Susan Casey's new book on waves and the people who love them begins in January 2000 with scientists aboard the 295-foot British research ship Discovery trying to collect data from the North Atlantic.
But the ocean threw a fit, heaving itself into massive waves far exceeding predictive models and threatening to destroy the Discovery. After a week of bouncing around like an egg poaching in boiling water, the ship's captain finally was able to hide behind the Hebrides Islands from waves that topped 100 feet — one of the first scientific confirmations that monster waves do exist, even though computer modeling programs say they can't.
The drama and implications of that trip propel Casey's book, "The Wave: In Pursuit of the Rogues, Freaks, and Giants of the Ocean," which is much better than its redundant title suggests.
Framed in two tracks, the book dives deeply into the world of top-level surfers who chase massive breaks around the globe and less deeply into the realm of scientists seeking to understand one of the biggest mysteries of the natural world: How do waves work? And given their history of destruction, what the does the future hold for millions of people living dangerously close to sea level?
For years, Casey reports, wave scientists toiled in obscurity, the shirttail cousins of the sexier lines of scientific inquiry. But with global warming changing the nature of the oceans, and the devastating tsunami that raked south Asia in 2004, interest in giant waves has picked up. Funding has become available. And wave research is now (relatively) hip.
Yet it is still an infant science as researchers struggle to figure out how wind, currents, water density, gravity and other still-unrecognized influences come together to create one of the most powerful forces on earth. As Casey writes, previous mathematical formulas failed to account for the real-world existence of 100-foot rogue waves suddenly emerging from 60-foot seas.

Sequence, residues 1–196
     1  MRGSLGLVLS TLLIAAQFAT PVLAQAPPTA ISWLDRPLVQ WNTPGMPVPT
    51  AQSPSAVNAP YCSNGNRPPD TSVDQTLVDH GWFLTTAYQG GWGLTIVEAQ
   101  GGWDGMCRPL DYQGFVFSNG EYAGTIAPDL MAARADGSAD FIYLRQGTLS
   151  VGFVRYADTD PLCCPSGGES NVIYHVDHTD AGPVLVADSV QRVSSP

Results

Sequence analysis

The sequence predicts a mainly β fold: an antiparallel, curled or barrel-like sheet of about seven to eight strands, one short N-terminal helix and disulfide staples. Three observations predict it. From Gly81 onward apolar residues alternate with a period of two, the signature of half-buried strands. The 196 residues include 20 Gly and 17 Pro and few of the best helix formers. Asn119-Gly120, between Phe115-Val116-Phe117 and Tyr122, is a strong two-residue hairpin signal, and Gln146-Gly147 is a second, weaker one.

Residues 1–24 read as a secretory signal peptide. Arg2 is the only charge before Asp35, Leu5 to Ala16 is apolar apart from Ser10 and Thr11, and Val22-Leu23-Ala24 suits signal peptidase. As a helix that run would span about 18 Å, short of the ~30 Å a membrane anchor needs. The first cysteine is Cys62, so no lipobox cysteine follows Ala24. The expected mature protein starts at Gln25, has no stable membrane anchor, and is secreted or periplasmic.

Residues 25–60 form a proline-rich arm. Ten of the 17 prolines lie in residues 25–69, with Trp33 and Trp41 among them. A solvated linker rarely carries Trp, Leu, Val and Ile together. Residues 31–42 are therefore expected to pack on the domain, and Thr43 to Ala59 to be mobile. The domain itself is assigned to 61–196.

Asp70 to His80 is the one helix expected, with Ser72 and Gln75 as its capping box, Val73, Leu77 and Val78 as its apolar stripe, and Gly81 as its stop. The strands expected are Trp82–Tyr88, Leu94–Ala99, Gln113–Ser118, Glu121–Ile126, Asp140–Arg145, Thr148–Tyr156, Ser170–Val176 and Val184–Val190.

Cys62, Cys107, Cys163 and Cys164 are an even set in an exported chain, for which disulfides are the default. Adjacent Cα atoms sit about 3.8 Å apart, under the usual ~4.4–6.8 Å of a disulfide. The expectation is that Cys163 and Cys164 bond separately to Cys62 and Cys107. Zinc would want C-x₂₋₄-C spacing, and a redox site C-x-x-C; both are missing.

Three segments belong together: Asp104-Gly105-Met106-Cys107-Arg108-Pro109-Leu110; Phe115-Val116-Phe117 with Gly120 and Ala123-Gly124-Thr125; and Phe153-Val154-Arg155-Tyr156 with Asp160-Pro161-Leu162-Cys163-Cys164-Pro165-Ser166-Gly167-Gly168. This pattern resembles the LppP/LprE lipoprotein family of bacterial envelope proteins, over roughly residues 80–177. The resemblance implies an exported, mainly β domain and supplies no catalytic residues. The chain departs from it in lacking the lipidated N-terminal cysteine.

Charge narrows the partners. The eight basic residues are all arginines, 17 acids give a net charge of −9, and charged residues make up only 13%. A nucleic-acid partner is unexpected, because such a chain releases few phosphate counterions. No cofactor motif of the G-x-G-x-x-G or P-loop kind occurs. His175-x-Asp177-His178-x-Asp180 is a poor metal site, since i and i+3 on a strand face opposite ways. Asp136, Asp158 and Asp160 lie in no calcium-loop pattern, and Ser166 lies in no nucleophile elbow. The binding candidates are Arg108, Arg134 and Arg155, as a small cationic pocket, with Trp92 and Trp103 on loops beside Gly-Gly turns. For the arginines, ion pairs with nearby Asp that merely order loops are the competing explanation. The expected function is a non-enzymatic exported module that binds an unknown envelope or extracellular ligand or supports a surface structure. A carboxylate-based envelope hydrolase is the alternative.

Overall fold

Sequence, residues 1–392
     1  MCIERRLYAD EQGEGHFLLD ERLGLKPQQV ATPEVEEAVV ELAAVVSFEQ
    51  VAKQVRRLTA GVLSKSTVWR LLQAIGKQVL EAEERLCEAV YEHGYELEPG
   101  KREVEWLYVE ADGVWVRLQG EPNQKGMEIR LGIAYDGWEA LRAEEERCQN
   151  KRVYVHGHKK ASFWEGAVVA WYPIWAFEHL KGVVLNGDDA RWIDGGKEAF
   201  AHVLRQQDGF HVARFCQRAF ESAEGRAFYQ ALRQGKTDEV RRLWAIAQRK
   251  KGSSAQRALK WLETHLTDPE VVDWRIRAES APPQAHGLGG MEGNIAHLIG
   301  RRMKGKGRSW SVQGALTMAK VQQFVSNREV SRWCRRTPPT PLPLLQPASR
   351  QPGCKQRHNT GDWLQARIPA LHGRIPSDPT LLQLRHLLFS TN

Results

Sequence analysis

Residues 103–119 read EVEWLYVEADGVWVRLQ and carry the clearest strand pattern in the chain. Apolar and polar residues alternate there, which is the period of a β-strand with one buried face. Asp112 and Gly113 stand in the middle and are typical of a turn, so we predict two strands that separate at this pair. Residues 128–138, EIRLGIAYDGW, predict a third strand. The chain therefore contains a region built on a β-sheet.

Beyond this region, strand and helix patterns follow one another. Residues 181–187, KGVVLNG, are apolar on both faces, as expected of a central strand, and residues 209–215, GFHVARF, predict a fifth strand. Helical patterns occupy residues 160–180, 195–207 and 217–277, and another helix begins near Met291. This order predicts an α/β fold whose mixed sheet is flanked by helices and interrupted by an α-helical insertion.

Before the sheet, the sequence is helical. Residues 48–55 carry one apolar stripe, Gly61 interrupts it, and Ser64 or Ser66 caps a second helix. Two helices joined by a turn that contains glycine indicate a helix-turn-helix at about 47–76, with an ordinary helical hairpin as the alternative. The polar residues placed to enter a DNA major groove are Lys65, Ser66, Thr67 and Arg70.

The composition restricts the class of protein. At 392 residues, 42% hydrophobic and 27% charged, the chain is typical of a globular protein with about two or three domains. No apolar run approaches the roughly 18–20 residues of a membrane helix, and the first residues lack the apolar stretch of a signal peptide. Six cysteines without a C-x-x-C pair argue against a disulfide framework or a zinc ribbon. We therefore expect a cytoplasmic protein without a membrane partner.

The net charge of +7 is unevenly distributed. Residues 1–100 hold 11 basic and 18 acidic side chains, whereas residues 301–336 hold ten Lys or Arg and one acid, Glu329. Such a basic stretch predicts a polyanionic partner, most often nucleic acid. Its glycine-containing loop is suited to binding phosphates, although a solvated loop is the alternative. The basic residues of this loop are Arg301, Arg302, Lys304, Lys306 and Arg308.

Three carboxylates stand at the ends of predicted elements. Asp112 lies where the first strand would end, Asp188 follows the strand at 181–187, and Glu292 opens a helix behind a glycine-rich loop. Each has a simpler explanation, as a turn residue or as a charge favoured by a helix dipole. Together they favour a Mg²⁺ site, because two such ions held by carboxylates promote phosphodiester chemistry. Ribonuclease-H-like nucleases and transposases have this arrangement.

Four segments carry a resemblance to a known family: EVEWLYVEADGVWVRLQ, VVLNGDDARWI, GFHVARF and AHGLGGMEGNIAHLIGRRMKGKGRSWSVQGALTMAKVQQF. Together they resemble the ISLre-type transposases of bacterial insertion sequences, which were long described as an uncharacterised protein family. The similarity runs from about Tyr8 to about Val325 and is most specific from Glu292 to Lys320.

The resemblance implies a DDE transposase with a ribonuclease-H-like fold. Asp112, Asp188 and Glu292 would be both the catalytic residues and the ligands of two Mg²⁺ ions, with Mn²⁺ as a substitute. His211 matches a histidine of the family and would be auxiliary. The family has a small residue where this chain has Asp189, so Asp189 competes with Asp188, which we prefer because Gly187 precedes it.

"Both at the surface and below, it seems, everything is in constant flux," writes Casey, editor of "O" magazine and author of the bestselling "The Devil's Teeth: A True Story of Obsession and Survival Among America's Great White Sharks." "When it comes to making a wave, so many factors come into play that it is hard to know where any one thing ends and another begins."
The consequences are dire. Scores of ships are lost at sea each year, some sinking so quickly their doomed crews are unable to send distress signals. More and more, experts are looking at freak waves as the culprits.
Casey does a commendable job of surveying the broader problems confronting wave studies. But she falls short on the science itself. It would have been a stronger book had she worked harder at translating what little is known about these waves rather than just saying it's complicated and moving on.
Her heart clearly lies with the men (and it is nearly exclusively male territory) whose sole mission in life seems to be riding some of these monsters. Casey, herself a swimmer, focuses on Laird Hamilton, the lord of "tow-in surfing," and his friends as they seek out and surf down the faces of moving mountains. The waves travel so quickly surfers can't paddle fast enough to catch them, so they launch themselves down the face from tow ropes attached to quick-moving Jet Skis. It's as dangerous as it sounds, with death just a misread-wave away.
The object question, of course, is why do people do this? Casey talks a bit about the potent mixes of body chemicals, such as neuropeptides that are produced "when faced with high-intensity situations such as falling in love or narrowly escaping disaster." Then there are the endorphins that create the "runner's high," and oxytocin, which delivers a sense of bliss.
"That is to say, one can easily get hooked," Casey writes. "And it's not like the person who wants to ride a hundred-foot wave is looking for low-grade stimulation to begin with."
Casey rides along on Jet Skis with Hamilton and his pals off Maui to experience the break at a site known as Jaws for the biting intensity of the waves that form during specific swells; Tahiti's Teahupo'o; Mavericks off California's Half Moon Bay, and the Cortes Bank some 100 miles off Ensenada, Mexico.
The surfer stories are compelling and wonderfully detailed, but the men she follows around appear to lack the vocabulary to describe their motivations and ambitions.
Still, it's an engrossing set of stories about the quest for bigger, stronger, more dangerous. Casey adroitly moves beyond what we think we know about big-wave surf culture and churns out a series of action chapters that are not for the faint of heart.
In the end, you gain a healthy respect for the power of these waves and the people who surf them, and for the challenges facing those trying to understand them.
But you also come away sharing Casey's nagging fear about how global warming will influence the size and frequency of these monster waves, and the tenuous nature of human existence within the permanence of the natural world.
Martelle, an Irvine writer and critic, is author of the forthcoming "The Fear Within: Spies, Commies and American Democracy on Trial."